The cost of UK renewables, good value, or great values?
The government has today released the Cost of Energy Review which was called for earlier in the summer. Dieter Helm has been tasked with a quick, but deep dive in to the UKs energy system to make recommendations on how we make energy cheaper in the UK whilst delivering the environmental imperatives. Two things which are very close to Thrive’s heart.
We agree with much of the high level direction of what Dieter Helm is recommending, we must achieve greater energy efficiencies, at home and in industry. We must transition to a smarter energy system, where supply and demand are dynamic responding to energy availability. We’ve long been advocates of a functional carbon dioxide emissions market, where there is a cost attached to emitting greenhouse gases (GHG), the polluter pays, thus driving low and zero GHG emission solutions forwards. Where investment decisions are influenced directly by environmental performance and where the market can successfully identify employ the least cost GHG emission abatement technologies.
One of the study’s conclusions is that the growth in renewables contribution to the electricity sector (delivering almost quarter of the UKs electricity in 2016, and anticipated to reach 30% this year) has lowered the wholesale price of electricity. There is acknowledgment that following the falling cost of renewable technologies, that going forwards renewable generation offers least cost electricity.
Helm has also established that support for the proliferation of renewable electricity which has been delivered to date makes up 20% of the cost of our electricity in the UK. So, what does this mean for the average household in the UK? On average we pay £554 p.a for our domestic electricity consumption. So that implies we are paying £111 p.a., or £9.25 per home, per month for achieving one of the largest positive shifts in environmental performance the UK has ever seen. I fully appreciate that for our lowest income households £9 per month has a material impact. However, as the world’s 5th largest economy, it is incumbent on us to demonstrate some environmental leadership. The way electricity is sold could address the sad reality that those with the lowest incomes pay most for their utilities.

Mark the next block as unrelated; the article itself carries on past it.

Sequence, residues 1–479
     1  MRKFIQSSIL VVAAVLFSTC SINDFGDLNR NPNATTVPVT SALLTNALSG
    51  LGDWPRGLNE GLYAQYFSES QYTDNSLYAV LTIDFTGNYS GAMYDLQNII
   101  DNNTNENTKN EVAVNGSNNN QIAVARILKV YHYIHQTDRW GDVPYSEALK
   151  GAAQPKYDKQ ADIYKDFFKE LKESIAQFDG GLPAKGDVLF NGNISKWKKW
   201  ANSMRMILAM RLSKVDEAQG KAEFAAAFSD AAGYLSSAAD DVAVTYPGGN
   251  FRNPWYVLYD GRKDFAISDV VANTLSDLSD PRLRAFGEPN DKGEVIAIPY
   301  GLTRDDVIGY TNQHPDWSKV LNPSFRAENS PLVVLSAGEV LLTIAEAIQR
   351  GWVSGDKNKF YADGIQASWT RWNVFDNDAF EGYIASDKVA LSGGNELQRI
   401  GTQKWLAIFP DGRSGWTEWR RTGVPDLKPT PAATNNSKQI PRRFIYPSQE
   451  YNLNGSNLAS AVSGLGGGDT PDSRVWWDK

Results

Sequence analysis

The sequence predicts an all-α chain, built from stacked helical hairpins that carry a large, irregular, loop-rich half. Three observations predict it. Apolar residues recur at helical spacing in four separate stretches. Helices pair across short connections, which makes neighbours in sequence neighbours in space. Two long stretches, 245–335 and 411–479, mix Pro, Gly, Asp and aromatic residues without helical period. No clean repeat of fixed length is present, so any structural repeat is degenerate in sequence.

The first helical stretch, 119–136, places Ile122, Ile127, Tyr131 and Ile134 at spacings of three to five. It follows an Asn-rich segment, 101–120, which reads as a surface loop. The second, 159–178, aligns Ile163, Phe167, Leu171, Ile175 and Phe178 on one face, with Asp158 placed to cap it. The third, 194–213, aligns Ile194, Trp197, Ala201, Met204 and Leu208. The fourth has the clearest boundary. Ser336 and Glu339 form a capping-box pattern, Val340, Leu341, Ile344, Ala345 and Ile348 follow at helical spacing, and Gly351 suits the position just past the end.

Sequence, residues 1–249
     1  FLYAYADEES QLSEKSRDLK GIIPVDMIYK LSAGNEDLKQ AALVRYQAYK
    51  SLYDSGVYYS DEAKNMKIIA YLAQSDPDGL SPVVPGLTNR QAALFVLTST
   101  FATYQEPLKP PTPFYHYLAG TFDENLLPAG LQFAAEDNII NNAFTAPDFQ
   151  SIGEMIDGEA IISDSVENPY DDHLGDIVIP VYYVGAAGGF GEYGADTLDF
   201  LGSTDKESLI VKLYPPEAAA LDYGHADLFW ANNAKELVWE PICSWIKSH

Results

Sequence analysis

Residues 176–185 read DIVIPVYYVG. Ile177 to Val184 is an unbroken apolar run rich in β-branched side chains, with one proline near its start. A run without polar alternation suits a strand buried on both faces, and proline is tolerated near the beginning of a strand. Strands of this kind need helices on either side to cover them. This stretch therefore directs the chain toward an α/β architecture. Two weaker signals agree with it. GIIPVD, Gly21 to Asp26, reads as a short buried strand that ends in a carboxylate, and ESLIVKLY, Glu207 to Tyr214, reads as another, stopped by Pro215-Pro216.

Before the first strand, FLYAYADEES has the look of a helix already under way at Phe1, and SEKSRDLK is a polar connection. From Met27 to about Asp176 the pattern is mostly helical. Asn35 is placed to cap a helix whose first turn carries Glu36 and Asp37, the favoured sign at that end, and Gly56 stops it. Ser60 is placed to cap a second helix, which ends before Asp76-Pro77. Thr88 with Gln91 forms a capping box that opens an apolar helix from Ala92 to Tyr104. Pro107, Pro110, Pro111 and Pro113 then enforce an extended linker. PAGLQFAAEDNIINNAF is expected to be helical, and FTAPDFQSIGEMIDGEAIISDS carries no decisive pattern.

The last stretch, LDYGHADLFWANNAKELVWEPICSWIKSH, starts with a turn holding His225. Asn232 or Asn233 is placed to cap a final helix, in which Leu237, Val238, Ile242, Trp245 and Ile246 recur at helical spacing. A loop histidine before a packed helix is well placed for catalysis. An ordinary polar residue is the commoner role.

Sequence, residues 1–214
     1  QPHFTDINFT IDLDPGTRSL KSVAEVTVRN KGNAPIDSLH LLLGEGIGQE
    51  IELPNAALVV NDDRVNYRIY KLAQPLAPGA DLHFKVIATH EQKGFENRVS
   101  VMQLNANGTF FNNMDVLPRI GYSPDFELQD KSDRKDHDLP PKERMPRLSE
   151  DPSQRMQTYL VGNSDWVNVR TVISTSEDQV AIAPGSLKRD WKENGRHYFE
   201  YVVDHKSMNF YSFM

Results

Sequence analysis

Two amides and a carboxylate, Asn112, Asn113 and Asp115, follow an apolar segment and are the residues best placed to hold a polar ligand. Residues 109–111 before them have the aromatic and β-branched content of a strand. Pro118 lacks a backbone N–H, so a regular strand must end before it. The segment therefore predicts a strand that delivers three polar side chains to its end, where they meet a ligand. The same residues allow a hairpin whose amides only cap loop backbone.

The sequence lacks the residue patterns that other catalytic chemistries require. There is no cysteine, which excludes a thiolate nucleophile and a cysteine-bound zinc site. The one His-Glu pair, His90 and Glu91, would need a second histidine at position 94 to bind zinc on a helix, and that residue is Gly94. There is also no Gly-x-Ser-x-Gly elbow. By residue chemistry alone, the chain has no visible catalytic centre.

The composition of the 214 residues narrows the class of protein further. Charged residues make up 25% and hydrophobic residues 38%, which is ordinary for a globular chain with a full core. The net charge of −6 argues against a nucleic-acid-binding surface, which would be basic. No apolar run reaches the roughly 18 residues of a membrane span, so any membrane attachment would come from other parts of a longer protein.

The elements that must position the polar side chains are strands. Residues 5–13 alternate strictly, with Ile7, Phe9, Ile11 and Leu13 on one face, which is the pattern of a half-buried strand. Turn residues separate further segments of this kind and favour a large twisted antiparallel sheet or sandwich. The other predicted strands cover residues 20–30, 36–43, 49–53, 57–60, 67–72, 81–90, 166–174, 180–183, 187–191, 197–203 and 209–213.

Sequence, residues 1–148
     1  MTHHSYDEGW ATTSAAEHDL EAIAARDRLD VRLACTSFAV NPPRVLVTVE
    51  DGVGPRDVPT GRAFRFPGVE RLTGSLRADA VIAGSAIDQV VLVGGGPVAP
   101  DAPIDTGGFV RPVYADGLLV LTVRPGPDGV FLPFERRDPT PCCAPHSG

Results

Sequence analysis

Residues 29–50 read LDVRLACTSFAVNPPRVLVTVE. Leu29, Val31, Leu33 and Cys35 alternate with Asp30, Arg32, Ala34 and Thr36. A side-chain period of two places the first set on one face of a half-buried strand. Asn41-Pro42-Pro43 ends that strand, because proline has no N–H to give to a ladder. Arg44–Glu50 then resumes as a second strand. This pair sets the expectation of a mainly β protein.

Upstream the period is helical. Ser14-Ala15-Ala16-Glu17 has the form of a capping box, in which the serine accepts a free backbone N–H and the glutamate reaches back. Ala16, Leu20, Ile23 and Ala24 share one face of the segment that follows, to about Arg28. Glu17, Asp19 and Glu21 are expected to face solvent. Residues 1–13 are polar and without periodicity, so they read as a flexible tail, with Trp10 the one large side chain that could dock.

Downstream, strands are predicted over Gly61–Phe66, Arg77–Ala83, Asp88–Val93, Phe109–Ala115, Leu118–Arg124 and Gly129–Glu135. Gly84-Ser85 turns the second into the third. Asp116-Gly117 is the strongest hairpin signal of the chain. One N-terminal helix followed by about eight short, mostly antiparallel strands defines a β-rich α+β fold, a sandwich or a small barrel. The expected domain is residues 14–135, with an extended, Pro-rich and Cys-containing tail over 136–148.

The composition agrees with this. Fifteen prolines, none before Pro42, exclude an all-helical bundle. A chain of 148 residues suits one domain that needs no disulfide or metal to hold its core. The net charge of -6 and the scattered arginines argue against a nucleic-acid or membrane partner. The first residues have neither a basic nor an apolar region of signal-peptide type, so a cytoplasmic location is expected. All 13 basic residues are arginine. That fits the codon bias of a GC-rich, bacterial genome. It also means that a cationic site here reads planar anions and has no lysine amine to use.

So, what could we be doing with our £9 per month? Sign up to an internet music or film streaming subscription, buy five newspapers, enjoy a posh coffee every week, or, deliver a material reduction in GHG emissions through our electricity system. What is being achieved with our £9 per month? As mentioned above, we are sourcing more than 25% of electricity from renewable sources, this means that annually there is now 1.6 tCO2e of emissions released into the atmosphere to generate our average 3,900kWh household electricity consumption. If we wind back the clock to 2008, this was 2.0 tCO2e, and in 1990 2.8 tCO2e. Progress indeed. This has been achieved by reducing our dependence of finite fossil fuels, and increasing our use of abundant natural, renewables sources of energy.
We’ve almost halved the GHG emission intensity of electricity in the last 25 years, this is good news. However, there isn’t time for complacency the GHG emission intensity of our electricity needs to halve and halve again (and quickly) from today’s levels if we are to achieve our 2oC ceiling which we and 168 other nations have ratified following the Paris Climate Summit in 2015.
Whilst we’d prefer to have been part of an energy revolution which had miraculously leaped over 25 years of technology development, climatic understanding, public consciousness and political thinking, the reality is that change takes time, and the leap we’ve collectively made from ‘alternative energy’ to renewables and the associated environmental benefit has taken time and has a price, a price which is falling all the time and will dissipate over the coming years as existing facilities are retired and replaced with the next generation of best in class technology. So we’ve made the leap, we are delivering over 24% of our power using renewables, now we can benefit from our learning, by more efficiently delivering the next 75% whilst simultaneously lowering the cost of our electricity.
How many of us, given a transparent choice would prefer to pay £9, or perhaps more per month to improve air quality and deliver the associated health benefits, reduce the need to redesign our coastline to defend us from rising sea levels and more ferocious weather systems, keep our finite resources in the ground for when we really need them, and be proud of the legacy we are passing to future generations?
It feels like an investment worth making…